The Sweep: Reading Between the Lines on Voter Registration
The numbers are helpful for political scientists to study voter trends over decades. For political operatives? Not so much.
You’ve Got to be Kidding Me
Medium Buying @MediumBuyingThe DCCC is placing new TV ad spending in the Grand Rapids-Kalamazoo-Battle Creek, Mich. DMA. Start date is tomorrow, 7/26
About That Education Gap
Race, gender … and now religion. Non-college educated minorities and women have been reliably shifting right, and we are seeing the same trend among Evangelical voters. What’s fascinating is that this isn’t an American phenomenon. It’s a Western democracy phenomenon, at least. Is it the rise of college graduates from a tiny minority to a sizable chunk of those populations? If so, why didn’t we see something similar around high school education between the Civil War and WWII when graduation rates soared from 1 percent to 78 percent? Is it something about the uneven impact of the 2008 recession? But why would education be a better predictor than income?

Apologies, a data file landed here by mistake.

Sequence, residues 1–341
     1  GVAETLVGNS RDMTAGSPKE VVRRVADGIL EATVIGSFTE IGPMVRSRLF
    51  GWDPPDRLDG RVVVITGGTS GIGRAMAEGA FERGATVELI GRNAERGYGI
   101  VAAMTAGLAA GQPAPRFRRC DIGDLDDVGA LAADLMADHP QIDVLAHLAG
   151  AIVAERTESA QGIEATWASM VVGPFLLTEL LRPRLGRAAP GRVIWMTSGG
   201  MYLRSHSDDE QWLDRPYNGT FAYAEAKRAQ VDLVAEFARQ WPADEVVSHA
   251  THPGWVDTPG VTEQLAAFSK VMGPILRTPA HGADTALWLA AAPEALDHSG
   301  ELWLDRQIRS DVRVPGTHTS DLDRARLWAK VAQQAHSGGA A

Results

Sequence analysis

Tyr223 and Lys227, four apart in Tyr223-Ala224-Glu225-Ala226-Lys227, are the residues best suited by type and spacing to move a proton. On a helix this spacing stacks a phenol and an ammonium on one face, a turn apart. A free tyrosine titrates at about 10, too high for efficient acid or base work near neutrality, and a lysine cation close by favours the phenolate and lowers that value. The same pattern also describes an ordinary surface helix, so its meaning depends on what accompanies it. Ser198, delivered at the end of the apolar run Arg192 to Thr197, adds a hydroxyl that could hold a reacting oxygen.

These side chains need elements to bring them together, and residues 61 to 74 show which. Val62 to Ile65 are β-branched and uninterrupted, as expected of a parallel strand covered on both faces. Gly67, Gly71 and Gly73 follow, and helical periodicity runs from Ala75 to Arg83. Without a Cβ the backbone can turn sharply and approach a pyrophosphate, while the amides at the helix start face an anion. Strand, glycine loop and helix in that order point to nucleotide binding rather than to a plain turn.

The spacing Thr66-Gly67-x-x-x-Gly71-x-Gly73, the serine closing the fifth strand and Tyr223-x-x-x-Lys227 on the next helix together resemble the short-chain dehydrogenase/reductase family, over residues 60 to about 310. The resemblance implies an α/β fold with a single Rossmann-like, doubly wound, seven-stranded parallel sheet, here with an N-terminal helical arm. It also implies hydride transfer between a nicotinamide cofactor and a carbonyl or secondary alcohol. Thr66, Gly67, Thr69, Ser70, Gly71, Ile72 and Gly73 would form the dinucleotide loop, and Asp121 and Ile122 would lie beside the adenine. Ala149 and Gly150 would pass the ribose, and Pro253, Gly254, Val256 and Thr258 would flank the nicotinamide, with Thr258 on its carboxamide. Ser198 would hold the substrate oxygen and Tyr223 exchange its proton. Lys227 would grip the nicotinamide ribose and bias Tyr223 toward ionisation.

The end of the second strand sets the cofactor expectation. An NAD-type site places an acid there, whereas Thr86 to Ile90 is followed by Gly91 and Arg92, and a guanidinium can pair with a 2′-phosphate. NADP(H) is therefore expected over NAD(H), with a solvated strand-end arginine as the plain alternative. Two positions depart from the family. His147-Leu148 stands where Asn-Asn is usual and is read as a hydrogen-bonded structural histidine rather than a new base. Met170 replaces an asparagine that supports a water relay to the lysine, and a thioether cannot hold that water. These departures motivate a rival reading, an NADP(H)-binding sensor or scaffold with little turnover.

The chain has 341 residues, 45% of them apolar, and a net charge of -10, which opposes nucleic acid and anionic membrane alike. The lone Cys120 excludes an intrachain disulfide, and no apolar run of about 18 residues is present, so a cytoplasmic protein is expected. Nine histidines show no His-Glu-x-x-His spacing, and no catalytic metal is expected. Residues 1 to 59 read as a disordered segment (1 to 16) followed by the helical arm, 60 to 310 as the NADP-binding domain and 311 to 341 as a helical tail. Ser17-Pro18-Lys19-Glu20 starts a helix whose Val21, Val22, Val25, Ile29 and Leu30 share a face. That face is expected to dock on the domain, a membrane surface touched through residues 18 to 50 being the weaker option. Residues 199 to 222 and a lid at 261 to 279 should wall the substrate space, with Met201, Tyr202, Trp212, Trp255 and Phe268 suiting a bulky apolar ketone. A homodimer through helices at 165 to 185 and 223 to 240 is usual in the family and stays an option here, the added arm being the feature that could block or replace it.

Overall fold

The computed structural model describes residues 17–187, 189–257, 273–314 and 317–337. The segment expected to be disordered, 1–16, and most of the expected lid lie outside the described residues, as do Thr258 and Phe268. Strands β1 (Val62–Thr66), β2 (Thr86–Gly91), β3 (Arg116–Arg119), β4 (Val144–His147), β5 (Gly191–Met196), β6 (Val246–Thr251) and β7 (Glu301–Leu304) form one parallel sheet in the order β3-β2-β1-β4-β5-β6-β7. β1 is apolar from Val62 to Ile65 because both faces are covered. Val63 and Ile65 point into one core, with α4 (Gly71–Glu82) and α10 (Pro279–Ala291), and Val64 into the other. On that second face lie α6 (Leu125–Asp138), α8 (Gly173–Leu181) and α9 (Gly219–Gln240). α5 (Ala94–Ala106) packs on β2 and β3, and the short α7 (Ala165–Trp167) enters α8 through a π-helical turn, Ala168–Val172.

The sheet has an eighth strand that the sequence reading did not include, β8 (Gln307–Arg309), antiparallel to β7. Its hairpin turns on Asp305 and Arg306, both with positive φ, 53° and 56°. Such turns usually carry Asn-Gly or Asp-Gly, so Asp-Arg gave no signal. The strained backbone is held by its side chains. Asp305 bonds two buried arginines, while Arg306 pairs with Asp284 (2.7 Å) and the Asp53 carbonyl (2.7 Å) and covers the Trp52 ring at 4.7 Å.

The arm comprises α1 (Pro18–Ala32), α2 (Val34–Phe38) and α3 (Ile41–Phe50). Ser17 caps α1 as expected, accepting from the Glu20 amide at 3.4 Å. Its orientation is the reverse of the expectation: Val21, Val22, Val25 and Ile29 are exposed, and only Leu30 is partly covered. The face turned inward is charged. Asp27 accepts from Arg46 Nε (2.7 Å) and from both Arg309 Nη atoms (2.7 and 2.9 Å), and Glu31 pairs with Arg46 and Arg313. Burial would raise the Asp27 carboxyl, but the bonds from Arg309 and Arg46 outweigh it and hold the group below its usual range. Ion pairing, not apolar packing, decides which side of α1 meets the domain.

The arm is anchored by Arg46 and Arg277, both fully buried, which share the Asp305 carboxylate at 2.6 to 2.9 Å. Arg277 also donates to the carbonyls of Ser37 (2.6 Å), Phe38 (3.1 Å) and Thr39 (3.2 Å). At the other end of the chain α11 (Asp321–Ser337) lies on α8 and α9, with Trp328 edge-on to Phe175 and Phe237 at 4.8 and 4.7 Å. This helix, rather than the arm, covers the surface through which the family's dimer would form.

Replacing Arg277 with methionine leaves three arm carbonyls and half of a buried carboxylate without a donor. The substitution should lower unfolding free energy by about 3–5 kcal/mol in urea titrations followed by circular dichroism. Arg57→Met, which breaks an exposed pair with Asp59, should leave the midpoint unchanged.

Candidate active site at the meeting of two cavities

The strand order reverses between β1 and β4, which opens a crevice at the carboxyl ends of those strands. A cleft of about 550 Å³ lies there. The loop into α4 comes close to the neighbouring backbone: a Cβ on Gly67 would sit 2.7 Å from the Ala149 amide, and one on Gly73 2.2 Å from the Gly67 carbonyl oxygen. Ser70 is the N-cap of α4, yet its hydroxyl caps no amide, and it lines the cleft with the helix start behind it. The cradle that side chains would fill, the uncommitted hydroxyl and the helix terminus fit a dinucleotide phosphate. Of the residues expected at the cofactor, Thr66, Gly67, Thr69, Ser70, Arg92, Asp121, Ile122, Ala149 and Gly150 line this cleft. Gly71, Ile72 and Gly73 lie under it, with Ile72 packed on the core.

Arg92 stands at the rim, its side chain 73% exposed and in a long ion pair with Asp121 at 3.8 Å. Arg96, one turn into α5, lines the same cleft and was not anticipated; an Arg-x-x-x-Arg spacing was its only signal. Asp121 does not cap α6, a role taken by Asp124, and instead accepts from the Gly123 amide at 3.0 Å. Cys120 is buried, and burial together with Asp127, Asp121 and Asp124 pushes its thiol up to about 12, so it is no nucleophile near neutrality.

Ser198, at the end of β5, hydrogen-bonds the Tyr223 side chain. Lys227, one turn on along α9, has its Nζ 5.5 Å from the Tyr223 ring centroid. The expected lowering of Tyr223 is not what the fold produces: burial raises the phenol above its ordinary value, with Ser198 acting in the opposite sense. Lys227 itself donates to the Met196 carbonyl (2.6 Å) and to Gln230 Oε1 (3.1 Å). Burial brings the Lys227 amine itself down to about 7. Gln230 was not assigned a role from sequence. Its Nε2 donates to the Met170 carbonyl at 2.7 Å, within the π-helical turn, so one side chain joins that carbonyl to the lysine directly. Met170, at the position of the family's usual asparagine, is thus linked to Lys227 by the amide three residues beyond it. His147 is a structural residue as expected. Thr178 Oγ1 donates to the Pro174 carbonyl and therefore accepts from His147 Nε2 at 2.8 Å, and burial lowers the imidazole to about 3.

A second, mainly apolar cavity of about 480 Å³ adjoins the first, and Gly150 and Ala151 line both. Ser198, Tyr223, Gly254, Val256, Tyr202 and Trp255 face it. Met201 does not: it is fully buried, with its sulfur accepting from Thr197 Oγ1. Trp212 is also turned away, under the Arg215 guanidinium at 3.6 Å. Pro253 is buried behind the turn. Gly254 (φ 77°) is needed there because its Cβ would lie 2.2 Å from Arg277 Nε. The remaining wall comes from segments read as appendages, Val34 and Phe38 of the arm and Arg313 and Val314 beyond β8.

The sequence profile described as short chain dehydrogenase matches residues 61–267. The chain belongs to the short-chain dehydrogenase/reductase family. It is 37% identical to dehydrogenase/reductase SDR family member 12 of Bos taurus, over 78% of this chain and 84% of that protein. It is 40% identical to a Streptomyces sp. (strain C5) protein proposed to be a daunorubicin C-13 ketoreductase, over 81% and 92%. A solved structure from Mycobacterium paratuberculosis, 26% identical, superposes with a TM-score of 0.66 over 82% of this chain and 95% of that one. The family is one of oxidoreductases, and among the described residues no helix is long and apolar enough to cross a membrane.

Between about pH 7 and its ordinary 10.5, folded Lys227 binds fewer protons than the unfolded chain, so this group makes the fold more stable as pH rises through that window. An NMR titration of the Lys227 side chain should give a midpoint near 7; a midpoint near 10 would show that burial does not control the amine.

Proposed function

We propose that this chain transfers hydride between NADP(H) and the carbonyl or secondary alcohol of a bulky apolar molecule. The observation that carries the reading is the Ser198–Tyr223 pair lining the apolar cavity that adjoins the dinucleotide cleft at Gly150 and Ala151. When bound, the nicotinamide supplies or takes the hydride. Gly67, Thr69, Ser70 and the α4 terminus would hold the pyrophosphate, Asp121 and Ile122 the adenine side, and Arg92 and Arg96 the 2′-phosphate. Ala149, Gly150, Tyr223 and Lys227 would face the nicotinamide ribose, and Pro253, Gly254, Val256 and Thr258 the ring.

Let’s look at the shift among Evangelicals:
Small Dollar Problems
Axios reported that “Democrats across the 10 most competitive Senate races are out-raising Republicans by more than $75 million among small-dollar donors — those giving less than $200 — according to an Axios analysis of Federal Election Commission records.”
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